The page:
This discussion is limited to managing color from camera capture through PhotoShop to Screen Display, Printer, and file. I make several assumptions:
  1. You shoot RAW
  2. You use PhotoShop
  3. You want others to see what you see

Some background

  1. Your camera captures a wider range of colors than you can see. The profile associated with the camera determines the colors available to be processed.

  2. Your camera captures a wider range of colors than your monitor can display. The profile associated with the monitor determines what colors presented to it are actually displayed.

  3. Your camera captures a wider range of colors than your printer can print. The profile associated with the printer determines which of the colors presented to it will be printed.

Some definitions

  1. Standard Color Numbers - ICC Profile - a set of color values produced by the ICC (an international organization that does that sort of thing) generally accepted to be what is seen by persons of average vision in normal viewing conditions

  2. Color Equivalent Numbers - the device specific values produced by input devices (cameras/scanners) in the capture process, or the device specific values required by output devices (monitors/printers) in order to produce visual color

  3. Profile - a software/firmware translator that converts device specific color equivalent numbers to standard color numbers or standard color numbers to device specific color equivalent numbers.

  4. Color Space - a specific set of standard color numbers such as:

    • ProColor RGB - a color space coming into use for managing printer workflow - contains more colors than Adobe RGB
    • Adobe RGB - the color space commonly used to manage printer workflow - contains more colors than sRGB
    • sRGB - a narrower color space - fewer colors - generally accepted as the limiting case for internet use and for applications that don't manage color, i.e. Internet Explorer

  5. Gamut - the set of all colors/color numbers usable by a specific device

  6. Intent - how a color managed application/device deals with out of gamut colors values

  7. Conversion Engine - the software routines that actually do profile conversion and intent manipulation

  8. Perception - the Intent that set the black points of two color spaces to the same value, then makes the result color space relative to the source color space - generally accepted as most often producing the best results

  9. Relative Colorimetric - the Intent that sets out of gamut colors to the closest available in gamut ones - next most commonly used

  10. Saturation and Absolute Colorimetric - other intents - not commonly used

How Your Camera Handles Color

The camera sensor does NOT capture color. It captures the intensity of the light passed through by the lens and focused on each pixel. There is a pattern of colored filters on the sensor such that a given pixel only sees light through a single colored filter: either red, or green, or blue. The RAW file produced by the camera contains a list of values of the amount of light 'seen' by each pixel. These are camera specific values. The RAW file translator, PhotoShop Browser, Capture 1, or whatever you use, reads one value at a time. By the position of the value in the file it knows which color filter was used. If the pixel being read was a "Red" pixel, that value is assigned to red. The software also knows which surrounding pixels captured green and blue information and uses them to assign a green and blue value to the current pixels being read. With these three values a color equivalent number can be calculated.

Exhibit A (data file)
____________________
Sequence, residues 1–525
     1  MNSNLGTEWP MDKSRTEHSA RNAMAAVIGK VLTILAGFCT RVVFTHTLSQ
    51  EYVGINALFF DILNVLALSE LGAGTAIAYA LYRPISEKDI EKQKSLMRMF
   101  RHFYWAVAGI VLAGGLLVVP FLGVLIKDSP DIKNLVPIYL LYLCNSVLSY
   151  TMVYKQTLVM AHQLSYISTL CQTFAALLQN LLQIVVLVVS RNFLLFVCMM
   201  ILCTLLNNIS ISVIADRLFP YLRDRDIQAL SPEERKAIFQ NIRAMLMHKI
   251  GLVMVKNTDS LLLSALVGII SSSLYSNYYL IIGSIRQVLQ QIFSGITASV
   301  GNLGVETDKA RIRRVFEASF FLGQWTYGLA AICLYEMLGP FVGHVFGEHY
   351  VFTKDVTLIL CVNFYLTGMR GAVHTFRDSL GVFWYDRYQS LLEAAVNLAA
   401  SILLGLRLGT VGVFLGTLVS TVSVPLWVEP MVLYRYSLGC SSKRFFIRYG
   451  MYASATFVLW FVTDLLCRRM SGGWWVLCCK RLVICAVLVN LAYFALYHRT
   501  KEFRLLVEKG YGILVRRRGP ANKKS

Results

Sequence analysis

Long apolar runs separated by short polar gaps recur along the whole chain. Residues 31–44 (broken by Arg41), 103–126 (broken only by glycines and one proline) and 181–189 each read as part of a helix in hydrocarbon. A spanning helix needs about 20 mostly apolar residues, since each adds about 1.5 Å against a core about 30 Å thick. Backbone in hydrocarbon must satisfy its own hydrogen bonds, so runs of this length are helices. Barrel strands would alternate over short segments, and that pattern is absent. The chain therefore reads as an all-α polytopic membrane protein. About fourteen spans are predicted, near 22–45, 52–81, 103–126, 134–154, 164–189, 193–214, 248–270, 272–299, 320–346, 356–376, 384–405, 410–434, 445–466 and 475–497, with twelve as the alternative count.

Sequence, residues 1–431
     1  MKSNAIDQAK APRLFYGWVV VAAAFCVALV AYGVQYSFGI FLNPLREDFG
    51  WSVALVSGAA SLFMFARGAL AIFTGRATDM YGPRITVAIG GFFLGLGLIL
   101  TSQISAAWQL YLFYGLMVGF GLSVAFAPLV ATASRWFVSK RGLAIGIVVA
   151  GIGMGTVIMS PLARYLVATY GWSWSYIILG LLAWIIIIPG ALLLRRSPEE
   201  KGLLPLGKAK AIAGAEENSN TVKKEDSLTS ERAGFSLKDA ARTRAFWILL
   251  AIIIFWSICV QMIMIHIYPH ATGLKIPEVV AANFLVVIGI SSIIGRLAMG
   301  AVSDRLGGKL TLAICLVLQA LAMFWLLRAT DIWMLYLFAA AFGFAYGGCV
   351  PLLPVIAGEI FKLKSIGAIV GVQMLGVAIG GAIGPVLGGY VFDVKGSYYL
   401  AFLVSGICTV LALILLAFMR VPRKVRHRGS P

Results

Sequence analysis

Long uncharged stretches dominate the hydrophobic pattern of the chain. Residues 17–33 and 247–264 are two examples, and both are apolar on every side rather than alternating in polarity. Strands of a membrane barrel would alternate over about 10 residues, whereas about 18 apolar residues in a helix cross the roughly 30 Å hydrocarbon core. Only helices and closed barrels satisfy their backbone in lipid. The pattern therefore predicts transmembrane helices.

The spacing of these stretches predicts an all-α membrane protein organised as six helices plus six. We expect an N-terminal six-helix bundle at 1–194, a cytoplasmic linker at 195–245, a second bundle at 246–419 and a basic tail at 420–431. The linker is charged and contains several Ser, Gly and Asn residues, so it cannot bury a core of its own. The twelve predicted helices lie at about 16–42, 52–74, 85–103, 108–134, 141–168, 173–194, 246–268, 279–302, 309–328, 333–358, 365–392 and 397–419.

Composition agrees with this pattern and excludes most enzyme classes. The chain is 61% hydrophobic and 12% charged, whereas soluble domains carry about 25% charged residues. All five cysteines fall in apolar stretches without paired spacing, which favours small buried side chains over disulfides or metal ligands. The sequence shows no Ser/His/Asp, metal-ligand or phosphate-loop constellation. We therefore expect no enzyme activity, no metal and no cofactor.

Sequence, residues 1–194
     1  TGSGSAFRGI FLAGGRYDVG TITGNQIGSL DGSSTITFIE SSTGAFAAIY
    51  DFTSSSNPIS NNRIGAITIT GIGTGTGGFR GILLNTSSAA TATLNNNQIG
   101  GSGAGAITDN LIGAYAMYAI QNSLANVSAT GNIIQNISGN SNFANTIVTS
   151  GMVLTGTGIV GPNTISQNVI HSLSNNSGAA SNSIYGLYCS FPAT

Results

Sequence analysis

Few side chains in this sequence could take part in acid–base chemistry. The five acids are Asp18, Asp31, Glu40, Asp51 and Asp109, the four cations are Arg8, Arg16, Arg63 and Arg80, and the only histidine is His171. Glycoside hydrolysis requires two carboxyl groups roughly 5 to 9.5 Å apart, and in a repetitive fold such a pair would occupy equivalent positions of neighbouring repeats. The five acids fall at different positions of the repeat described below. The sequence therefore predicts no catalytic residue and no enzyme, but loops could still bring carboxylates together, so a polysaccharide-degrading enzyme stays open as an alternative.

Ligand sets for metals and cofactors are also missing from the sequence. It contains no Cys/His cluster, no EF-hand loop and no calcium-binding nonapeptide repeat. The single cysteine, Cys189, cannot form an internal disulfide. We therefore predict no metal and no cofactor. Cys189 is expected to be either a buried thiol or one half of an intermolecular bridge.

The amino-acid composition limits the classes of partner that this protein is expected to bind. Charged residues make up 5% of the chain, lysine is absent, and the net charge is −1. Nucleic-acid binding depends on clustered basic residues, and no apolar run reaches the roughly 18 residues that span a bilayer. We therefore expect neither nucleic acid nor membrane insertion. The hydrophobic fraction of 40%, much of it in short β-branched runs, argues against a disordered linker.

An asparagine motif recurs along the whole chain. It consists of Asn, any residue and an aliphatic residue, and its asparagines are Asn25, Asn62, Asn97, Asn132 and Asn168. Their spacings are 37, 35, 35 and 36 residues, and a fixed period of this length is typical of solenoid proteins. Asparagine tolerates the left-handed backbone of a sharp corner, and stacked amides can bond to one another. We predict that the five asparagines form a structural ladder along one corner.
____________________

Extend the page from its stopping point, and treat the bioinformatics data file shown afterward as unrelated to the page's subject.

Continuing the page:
Each camera requires a 'profile' that can be used to translate the color equivalent numbers into 'standard' numbers that can be provided to and understood by other devices. The translated numbers exist in a working space. Each output device requires its own profile to translate from the working space to color equivalent numbers it can use.

So, color in the real world is captured as light intensity by the camera, made color values by the RAW translator, normalized by the camera profile then:
  1. passed to the monitor, converted to monitor specific color equivalent values by the monitor profile, and used to drive the display

  2. passed to the printer, converted to printer specific color equivalent values by the printer profile, and used to drive the printer

  3. written to a file

How I Manage Color

What does that mean to you? I don't know, but I can tell you how I do it and hope that, and the previous discussion, allow you to decide what's best for you.

First, I set PS CS to ProPhoto so the maximum range of color information is available. Then I set the PS Working Space to sRGB for web processing, or ProPhoto for print processing. I've calibrated and produced profiles for my monitors using the Pantone Spyder.

After processing for the web and just before "Save For Web" I convert the image profile to sRGB. Note that if you use "Two Up" in Save For Web, and set the display to "Use Document Profile", you will see, on the left, how unmanaged applications will likely show your image.

For printing, I just select "Printer Color Management" and, in the printer set up, "Auto" and let the Epson 1280 do its thing. So far, I'm very pleased with the results. I've found that differences in paper seem to make more difference than profile management for printing. I'm sure many will disagree with that. Note that for larger prints and/or commercial work, I use a professional printer.